Macular degeneration is one of the most common causes of vision loss in adults over age 50. Age-related macular degeneration (AMD) is caused by a deterioration in the macula, which is the retina’s central portion that allows you to see fine details clearly. As a result of this deterioration, patients might start to lose their capacity to distinguish between faces and close-up objects, thus affecting their ability to read or drive. AMD can present itself in two forms – wet and dry.

Wet Age-Related Macular Degeneration
Wet AMD is when the macula’s ability to function is hindered by new blood vessels growing underneath the retina. These abnormal blood vessels can leak blood or other fluids, distorting your vision and potentially scarring your macula. Of the two forms, wet AMD is rarer and most urgent as it can quickly lead to irreversible vision loss if left untreated.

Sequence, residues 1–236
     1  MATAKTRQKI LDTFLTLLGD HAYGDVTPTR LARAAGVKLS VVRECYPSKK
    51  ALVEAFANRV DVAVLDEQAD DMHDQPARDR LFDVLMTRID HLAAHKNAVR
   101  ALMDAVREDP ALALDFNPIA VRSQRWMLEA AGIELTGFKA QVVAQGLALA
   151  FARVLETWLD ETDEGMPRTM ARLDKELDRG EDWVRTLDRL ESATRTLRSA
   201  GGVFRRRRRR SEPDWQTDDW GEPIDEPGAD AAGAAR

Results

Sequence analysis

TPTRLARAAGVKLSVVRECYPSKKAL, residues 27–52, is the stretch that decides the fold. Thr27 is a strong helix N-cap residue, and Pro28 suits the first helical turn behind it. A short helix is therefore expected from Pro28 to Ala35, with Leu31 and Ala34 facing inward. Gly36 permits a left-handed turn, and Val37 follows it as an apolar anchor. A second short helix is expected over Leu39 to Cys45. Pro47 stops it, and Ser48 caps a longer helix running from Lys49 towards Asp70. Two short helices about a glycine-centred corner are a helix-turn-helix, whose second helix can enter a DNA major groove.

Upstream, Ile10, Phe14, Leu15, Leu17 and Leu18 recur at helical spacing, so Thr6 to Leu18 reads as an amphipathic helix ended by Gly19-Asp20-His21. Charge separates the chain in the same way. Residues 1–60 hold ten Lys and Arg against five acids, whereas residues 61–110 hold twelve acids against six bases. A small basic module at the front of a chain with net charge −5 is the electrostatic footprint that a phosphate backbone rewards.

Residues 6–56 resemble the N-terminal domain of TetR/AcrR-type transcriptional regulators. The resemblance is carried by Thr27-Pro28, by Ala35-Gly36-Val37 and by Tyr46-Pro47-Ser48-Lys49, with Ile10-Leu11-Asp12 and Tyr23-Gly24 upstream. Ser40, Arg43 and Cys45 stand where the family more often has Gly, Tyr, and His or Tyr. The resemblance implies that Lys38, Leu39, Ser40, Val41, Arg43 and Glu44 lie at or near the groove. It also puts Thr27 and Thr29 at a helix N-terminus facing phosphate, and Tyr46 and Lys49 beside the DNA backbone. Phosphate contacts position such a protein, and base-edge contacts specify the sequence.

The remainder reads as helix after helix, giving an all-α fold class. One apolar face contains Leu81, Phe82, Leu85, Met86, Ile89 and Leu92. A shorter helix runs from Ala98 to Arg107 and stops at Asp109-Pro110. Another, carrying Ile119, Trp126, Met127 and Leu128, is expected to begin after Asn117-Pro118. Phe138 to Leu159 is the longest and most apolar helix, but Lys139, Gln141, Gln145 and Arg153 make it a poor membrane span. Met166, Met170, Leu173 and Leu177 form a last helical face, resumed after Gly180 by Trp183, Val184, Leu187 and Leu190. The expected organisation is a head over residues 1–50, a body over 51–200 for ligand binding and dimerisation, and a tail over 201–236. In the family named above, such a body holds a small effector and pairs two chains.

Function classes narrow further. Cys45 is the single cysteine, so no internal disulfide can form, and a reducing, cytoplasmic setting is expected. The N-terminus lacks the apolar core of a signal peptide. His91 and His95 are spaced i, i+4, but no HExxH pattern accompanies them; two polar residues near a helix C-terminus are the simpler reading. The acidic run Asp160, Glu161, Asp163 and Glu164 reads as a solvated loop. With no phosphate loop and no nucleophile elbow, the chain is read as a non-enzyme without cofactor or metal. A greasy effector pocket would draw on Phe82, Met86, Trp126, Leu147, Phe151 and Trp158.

Dry Age-Related Macular Degeneration
Dry AMD is the more common form of macular degeneration. With this form, the macula thins, and yellow deposits of protein called drusen begin to accumulate, grow in size, and spread throughout the macula. The onset of blurriness and vision loss is more gradual than with wet AMD; however,  it can turn into wet AMD in approximately 10% of cases.

Over time, both the wet and dry forms of macular degeneration often cause vision loss. If you are experiencing symptoms related to AMD, schedule a consultation with our retinal specialists today.